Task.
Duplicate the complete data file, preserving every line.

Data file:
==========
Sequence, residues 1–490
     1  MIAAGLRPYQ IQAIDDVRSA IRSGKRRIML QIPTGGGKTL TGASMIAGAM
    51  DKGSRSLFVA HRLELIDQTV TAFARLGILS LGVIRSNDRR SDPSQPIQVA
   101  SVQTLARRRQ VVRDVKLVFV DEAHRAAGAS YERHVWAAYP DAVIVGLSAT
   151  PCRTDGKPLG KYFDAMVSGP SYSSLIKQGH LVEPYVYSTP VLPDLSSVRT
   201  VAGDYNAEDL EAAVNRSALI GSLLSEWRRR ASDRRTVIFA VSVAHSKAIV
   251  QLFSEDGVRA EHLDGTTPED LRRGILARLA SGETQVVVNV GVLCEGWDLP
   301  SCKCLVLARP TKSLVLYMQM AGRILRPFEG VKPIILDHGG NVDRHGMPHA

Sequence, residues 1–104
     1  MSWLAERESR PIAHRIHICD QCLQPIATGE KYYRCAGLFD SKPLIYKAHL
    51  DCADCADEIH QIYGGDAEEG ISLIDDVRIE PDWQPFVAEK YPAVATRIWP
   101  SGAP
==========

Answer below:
Sequence, residues 1–490
     1  MIAAGLRPYQ IQAIDDVRSA IRSGKRRIML QIPTGGGKTL TGASMIAGAM
    51  DKGSRSLFVA HRLELIDQTV TAFARLGILS LGVIRSNDRR SDPSQPIQVA
   101  SVQTLARRRQ VVRDVKLVFV DEAHRAAGAS YERHVWAAYP DAVIVGLSAT
   151  PCRTDGKPLG KYFDAMVSGP SYSSLIKQGH LVEPYVYSTP VLPDLSSVRT
   201  VAGDYNAEDL EAAVNRSALI GSLLSEWRRR ASDRRTVIFA VSVAHSKAIV
   251  QLFSEDGVRA EHLDGTTPED LRRGILARLA SGETQVVVNV GVLCEGWDLP
   301  SCKCLVLARP TKSLVLYMQM AGRILRPFEG VKPIILDHGG NVDRHGMPHA

Sequence, residues 1–104
     1  MSWLAERESR PIAHRIHICD QCLQPIATGE KYYRCAGLFD SKPLIYKAHL
    51  DCADCADEIH QIYGGDAEEG ISLIDDVRIE PDWQPFVAEK YPAVATRIWP
   101  SGAP